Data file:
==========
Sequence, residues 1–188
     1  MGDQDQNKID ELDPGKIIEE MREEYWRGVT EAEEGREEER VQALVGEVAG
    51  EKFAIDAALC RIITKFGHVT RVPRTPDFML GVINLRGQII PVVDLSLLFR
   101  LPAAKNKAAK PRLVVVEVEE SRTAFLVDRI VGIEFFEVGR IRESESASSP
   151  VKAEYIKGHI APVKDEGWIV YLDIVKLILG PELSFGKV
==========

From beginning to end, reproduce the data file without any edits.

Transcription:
Sequence, residues 1–188
     1  MGDQDQNKID ELDPGKIIEE MREEYWRGVT EAEEGREEER VQALVGEVAG
    51  EKFAIDAALC RIITKFGHVT RVPRTPDFML GVINLRGQII PVVDLSLLFR
   101  LPAAKNKAAK PRLVVVEVEE SRTAFLVDRI VGIEFFEVGR IRESESASSP
   151  VKAEYIKGHI APVKDEGWIV YLDIVKLILG PELSFGKV